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Design & Illustration

First Nanoq in the US...

Nanoq – Bob Ten Eyck

"Dan & Bjorn, I finally launched my new Alleq/Nanoq. I just love it. Nimble, quick and responsive. Did not roll it yet (water temp 34). It also seems to like the surf/waves but have not tested it in serious waves. Will send better photos. It came out 4" longer than designed. I somehow miscalculated the stems – did not allow for the thickness of the strips where they meet at the bow and stern."

Bob's Nanoq is strictly speaking not a Nanoq. It is built from the Alleq plans, the plywood version I designed for Petruskajak's building classes based on the Qanik I designed for Seabird Designs some years ago. Bob converted the Alleq drawings back to strip several months before I got the Nanoq plans ready to ship. Performance-wise the difference is probably not noticeable, but Bob kept a little more of the harder edges of the plywood version, positioning his version slightly closer to the skin-and-frame Illorsuit original, while the Nanoq has the Qanik-like softer chines and slightly more rounded panels.

More on the different versions on the Nanoq-page.

Nanoq – Bob Ten Eyck

Nanoq – Bob Ten Eyck

Nanoq – Bob Ten Eyck


Looks awesome on the water, Bob!! I know how long you've been waiting to get it wet.

So, Björn, how did Bob get hold of those Alleq plans? The boat looks like a fine candidate for an SOF build, which is my interest at this time, because as things stand, marine epoxy is too difficult and expensive to get in any quantity in Japan. Alleq has the looks of its ancestry and the advantage of decades of refinement by a series of builders and designers culminating in a version with the eye appeal and performance you have put into it. As you may remember, my approach a while back to Petrus about the plans went unanswered.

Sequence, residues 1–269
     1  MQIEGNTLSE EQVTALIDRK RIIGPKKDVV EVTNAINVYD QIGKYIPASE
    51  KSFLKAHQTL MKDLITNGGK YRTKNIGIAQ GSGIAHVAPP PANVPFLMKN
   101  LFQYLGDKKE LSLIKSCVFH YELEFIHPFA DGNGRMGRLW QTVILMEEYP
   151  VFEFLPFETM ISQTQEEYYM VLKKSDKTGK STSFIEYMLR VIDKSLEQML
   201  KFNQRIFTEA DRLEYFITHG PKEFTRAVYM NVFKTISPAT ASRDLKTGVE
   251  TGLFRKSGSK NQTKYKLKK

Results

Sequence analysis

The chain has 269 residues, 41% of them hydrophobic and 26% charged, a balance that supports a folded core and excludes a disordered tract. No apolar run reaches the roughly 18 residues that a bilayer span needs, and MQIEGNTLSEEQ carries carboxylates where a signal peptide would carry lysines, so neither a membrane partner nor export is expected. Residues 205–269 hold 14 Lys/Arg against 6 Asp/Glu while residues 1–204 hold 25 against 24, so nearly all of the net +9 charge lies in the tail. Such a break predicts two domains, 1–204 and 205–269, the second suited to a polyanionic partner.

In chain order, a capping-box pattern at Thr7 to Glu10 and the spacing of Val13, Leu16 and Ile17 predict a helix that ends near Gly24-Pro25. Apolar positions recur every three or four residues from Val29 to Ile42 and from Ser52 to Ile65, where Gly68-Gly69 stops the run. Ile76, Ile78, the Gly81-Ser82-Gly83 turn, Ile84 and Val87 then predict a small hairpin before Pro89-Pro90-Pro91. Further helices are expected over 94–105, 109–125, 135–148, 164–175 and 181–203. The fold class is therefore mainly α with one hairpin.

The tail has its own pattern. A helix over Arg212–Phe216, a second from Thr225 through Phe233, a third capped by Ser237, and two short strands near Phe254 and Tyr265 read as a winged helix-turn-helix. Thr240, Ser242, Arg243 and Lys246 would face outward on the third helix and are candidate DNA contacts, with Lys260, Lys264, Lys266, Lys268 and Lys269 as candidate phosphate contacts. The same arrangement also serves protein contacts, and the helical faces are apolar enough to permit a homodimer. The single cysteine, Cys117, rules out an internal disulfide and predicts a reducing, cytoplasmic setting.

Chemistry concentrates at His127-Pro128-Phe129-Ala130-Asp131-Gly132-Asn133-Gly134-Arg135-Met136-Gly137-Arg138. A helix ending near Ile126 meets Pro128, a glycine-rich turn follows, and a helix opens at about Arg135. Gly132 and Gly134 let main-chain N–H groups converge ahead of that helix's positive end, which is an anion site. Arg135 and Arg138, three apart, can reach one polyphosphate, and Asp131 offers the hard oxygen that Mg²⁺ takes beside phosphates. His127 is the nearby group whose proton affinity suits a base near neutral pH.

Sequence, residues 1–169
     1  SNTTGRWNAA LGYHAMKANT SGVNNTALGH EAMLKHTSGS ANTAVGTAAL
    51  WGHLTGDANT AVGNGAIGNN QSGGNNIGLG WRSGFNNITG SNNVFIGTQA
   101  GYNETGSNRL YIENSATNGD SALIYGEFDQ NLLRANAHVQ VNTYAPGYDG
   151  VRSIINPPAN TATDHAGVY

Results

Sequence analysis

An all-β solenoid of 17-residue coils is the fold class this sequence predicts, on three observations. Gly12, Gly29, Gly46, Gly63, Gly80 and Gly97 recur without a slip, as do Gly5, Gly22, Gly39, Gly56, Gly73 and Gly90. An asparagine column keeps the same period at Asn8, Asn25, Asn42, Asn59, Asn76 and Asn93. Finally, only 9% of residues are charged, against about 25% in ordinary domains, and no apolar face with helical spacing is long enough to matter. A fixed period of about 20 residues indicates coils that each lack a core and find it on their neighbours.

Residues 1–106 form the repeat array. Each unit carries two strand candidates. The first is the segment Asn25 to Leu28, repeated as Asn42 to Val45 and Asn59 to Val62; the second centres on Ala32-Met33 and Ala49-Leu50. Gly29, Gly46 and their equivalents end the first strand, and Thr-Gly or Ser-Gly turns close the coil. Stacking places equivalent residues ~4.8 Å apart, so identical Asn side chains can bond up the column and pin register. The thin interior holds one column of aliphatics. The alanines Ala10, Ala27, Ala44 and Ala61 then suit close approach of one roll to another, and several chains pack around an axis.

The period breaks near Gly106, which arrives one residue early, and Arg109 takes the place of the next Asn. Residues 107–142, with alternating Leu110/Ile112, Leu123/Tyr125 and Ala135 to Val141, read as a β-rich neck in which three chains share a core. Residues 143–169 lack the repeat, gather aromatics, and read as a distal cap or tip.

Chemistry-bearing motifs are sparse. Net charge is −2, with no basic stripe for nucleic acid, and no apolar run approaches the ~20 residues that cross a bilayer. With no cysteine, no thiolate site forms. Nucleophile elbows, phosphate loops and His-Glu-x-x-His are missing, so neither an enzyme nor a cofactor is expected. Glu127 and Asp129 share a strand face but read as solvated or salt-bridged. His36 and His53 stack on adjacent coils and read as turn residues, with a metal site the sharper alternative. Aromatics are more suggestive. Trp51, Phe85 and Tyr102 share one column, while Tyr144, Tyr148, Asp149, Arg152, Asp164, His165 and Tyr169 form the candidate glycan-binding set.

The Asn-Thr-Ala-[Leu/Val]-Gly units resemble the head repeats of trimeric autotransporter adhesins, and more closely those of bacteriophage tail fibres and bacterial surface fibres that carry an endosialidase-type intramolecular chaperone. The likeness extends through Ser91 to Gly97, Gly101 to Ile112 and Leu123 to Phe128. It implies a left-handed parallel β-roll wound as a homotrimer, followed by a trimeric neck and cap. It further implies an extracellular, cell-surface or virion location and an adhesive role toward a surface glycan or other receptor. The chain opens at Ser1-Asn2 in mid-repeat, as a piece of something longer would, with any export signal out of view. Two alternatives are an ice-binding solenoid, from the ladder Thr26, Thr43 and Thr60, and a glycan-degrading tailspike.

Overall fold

The Alleq plans are comissioned by Petrus to be used in building classes and sold as kits by him and his partners: Dan Caouette (New Hampshire) and Niklas Perander (Finland). Bob's kayak is the result of an agreement with Dan Caouette.

I will not include Alleq in my catalog as long as Petrus and his partners are actively marketing them.

Plywood kayaks are trickier than strip, since even very small errors in the panel shapes create ungainly bumps in the lines of the finished kayak, and you don't have the option of sanding the surface to fairness as with wood strips. Starting with a precut kit is for the unexperienced builder a good investment.

Yes, the kit would be a good investment for a number of reasons. Even though I have around forty-five years of experience with building boats from plywood the precision and great saving of time are attractive. However, the high cost of overseas shipment (Europe, Australia or US to Japan) is the sticking point, just as it is for acquiring adequate supplies of epoxy for strip building boats.

Such a beauty! Congratulations!

I have to build a kayak work shop immediately and convince my wife!

Nanoq connects with your inner spirit.

Very nice design, and am interested in it for my next project.

I really like his deck riggings. I just wondered how to make them. Is that described somewhere ?

It seems to be straightforward recessed line hardware with a steel rod. Those are not described on the plans (I favor the Maroske type of line fittings), but there are a lot of manuals, photos and good advice available on the internet.

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